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Brokers Want Say in Review of Closing Disclosure

Brokers Want Say in Review of Closing Disclosure

The National Association of Realtors reports that a recent survey of its members has found that because of the new TRID regulations, brokers and agents are not being given an opportunity to review Closing Disclosures (“CDs”) prior to closing. As a result, the NAR says brokers and agents are not able to provide valuable input into the preparation of CDs and closings are being unnecessarily delayed and, in many cases, cancelled.

TRID and consumer privacy regulations provide that CDs may only be provided to the Buyer unless the Buyer consents to third party release. A Buyer’s CD can’t be shared even with the Seller as the document is not two-sided like a traditional HUD-1.  Closing software therefore creates a Seller’s statement for the Seller to sign at closing.  However, there is not one “closing statement” that shows the true transaction like a HUD-1 any more and the documentation is clunky.  Agents for both the Buyer and Seller used to review the HUD-1 prior to closing and could often detect issues that the closing agent may have missed.  Now, the final CD is prepared by the Lender who is often out of state and unfamiliar with local practices and fees and unaware of many deal terms.  At the time the loan is approved and assigned to the closing agent, the closing agent is asked to prepare a “preliminary” CD from which the Lender will prepare the final CD.  But at that time, most everything the closing agent knows is guess work and files are incomplete.  The incomplete information is often transferred to what is presented as the final CD.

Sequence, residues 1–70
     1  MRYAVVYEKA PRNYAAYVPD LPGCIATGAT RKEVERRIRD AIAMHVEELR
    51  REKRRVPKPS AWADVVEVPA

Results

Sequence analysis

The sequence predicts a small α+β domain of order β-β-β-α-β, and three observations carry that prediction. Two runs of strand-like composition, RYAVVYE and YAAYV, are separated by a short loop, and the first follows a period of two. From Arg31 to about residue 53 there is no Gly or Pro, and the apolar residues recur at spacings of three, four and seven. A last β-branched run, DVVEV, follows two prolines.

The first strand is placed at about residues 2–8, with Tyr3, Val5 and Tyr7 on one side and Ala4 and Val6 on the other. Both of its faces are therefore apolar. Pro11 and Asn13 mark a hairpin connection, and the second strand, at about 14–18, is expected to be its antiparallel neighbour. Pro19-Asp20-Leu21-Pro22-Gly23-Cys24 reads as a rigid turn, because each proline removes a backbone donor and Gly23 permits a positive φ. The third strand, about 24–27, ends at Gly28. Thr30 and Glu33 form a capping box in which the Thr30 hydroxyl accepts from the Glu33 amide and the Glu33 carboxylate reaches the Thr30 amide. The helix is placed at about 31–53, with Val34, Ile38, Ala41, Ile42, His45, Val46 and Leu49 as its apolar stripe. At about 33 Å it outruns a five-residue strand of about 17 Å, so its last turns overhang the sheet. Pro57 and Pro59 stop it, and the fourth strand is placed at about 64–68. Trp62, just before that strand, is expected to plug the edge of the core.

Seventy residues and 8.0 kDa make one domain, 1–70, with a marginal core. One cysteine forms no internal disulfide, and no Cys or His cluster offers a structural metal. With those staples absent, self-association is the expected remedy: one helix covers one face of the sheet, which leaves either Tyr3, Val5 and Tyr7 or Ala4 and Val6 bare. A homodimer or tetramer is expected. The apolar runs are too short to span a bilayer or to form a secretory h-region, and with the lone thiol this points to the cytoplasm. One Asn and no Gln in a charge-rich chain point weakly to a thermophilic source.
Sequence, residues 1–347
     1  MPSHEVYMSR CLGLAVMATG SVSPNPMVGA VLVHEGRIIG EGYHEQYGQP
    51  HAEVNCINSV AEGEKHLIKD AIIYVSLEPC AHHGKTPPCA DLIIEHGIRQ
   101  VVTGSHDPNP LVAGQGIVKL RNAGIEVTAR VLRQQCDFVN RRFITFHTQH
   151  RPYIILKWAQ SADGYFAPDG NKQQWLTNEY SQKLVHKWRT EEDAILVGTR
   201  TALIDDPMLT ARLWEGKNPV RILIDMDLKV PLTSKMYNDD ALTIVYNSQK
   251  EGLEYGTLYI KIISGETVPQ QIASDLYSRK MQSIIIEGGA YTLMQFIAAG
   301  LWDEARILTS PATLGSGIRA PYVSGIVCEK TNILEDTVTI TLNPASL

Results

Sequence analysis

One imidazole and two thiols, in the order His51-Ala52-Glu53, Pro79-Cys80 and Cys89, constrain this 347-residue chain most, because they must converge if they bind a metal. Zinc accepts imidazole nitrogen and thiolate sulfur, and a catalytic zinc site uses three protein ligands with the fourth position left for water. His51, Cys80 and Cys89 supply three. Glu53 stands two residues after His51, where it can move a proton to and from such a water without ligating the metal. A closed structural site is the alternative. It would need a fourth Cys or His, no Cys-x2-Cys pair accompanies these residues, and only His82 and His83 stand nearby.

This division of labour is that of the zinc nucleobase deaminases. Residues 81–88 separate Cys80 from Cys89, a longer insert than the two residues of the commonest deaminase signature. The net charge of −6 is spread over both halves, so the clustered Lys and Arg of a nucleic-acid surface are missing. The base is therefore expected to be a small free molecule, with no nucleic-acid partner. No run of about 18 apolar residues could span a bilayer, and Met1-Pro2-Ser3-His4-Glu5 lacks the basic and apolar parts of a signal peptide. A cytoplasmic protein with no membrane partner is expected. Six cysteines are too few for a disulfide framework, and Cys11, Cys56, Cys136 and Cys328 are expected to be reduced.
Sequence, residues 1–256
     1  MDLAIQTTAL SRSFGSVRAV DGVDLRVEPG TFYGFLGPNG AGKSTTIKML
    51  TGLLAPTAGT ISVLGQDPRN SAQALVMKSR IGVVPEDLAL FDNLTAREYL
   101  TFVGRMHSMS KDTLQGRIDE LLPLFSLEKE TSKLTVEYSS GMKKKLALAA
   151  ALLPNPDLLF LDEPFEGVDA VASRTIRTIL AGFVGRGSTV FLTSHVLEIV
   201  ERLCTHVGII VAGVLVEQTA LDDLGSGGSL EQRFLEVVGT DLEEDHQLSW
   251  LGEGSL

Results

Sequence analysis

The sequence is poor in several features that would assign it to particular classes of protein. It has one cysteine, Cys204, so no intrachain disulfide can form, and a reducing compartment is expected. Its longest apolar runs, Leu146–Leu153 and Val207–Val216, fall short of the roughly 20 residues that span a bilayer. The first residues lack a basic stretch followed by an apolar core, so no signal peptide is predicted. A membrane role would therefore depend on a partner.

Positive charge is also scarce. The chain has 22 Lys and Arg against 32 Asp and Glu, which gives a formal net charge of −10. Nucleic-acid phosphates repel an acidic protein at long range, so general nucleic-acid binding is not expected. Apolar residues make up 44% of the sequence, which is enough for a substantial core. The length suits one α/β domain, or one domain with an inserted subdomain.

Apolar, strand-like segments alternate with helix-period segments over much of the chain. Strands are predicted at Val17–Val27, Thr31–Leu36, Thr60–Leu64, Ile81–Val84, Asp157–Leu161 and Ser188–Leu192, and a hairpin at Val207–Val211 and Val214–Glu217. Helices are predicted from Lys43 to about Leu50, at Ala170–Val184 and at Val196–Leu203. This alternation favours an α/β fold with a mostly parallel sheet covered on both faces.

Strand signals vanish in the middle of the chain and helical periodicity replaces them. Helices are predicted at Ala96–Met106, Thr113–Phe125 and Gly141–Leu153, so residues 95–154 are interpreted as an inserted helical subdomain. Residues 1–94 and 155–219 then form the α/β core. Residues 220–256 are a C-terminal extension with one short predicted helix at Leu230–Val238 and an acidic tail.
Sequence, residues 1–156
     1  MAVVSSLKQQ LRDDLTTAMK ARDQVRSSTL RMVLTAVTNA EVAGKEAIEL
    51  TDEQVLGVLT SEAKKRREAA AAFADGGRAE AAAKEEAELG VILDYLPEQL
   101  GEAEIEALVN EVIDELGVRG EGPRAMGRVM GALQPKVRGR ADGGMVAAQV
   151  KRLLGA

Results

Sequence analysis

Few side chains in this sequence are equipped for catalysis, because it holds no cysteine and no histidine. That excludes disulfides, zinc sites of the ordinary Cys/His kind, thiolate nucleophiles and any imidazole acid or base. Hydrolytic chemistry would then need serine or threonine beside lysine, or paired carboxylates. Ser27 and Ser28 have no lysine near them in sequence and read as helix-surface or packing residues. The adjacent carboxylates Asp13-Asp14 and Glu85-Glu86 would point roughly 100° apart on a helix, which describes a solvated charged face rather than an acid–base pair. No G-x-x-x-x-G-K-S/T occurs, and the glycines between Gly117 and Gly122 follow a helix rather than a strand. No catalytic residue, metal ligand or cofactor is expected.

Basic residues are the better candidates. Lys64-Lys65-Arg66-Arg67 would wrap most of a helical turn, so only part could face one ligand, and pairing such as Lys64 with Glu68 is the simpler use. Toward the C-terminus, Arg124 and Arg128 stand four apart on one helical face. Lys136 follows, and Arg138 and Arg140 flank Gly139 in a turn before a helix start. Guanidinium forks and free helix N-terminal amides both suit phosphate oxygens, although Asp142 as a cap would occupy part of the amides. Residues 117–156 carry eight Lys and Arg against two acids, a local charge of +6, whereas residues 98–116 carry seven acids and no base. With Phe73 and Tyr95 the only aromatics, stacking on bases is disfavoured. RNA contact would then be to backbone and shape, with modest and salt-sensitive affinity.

CFPB’s privacy concerns are valid, but misplaced. Once again, the intent to protect the consumer through disclosure has overly complicated the matter.  The CD, intended to replace the Truth In Lending and Good Faith Estimate documents should not have also replaced the HUD-1.  The HUD-1 was a simple document which explained and disclosed receipt and disbursement of funds.  The CD attempts to do too much and doesn’t do any of it well.  Until this issue is re-visited, Lenders and closing agents will have to creative in explaining to Buyers and Sellers how transactions will fund.

David Blattner

David Blattner

dblattner@beckerlawyers.com

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JoAnn Nesta Burnett

jburnett@beckerlawyers.com

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